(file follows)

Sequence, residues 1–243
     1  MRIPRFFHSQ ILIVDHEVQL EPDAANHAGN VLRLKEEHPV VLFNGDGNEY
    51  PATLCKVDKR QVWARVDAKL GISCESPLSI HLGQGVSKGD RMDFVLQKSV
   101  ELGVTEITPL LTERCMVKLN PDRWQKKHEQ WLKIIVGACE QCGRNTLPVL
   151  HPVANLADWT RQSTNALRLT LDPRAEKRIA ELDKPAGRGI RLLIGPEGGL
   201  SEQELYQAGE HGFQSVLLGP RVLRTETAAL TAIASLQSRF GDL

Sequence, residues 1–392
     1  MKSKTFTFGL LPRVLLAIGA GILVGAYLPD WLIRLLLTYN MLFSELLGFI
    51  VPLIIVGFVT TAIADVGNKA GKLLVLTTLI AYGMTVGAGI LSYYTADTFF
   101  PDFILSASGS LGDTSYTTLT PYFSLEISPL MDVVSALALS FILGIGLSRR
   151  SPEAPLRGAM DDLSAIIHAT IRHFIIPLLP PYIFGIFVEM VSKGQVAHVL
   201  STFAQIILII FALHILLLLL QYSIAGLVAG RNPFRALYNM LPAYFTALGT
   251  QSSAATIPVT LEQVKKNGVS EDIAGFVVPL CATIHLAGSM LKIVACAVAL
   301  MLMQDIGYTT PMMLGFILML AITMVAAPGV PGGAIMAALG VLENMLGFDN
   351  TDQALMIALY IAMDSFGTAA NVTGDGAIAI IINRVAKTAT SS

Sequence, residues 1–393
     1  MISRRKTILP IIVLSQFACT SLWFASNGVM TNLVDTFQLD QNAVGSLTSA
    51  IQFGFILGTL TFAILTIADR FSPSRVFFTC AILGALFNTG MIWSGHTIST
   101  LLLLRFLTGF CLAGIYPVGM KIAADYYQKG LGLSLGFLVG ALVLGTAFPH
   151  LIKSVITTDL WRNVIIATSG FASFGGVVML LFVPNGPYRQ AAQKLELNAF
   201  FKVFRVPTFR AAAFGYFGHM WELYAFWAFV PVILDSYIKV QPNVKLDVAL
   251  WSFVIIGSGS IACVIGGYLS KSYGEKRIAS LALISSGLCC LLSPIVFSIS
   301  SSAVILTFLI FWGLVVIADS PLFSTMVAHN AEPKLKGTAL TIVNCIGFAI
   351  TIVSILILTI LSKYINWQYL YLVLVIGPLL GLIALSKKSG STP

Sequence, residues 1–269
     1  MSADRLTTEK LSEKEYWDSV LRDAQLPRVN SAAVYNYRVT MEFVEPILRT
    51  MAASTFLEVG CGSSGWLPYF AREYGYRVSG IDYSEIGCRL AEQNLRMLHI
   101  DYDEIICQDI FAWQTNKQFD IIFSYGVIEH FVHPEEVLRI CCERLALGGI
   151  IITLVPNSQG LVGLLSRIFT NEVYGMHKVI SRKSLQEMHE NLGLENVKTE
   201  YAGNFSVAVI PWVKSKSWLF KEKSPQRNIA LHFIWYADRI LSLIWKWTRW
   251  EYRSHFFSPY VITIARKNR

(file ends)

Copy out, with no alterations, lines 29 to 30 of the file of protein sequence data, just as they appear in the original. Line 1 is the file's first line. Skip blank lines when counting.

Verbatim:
   151  IITLVPNSQG LVGLLSRIFT NEVYGMHKVI SRKSLQEMHE NLGLENVKTE
   201  YAGNFSVAVI PWVKSKSWLF KEKSPQRNIA LHFIWYADRI LSLIWKWTRW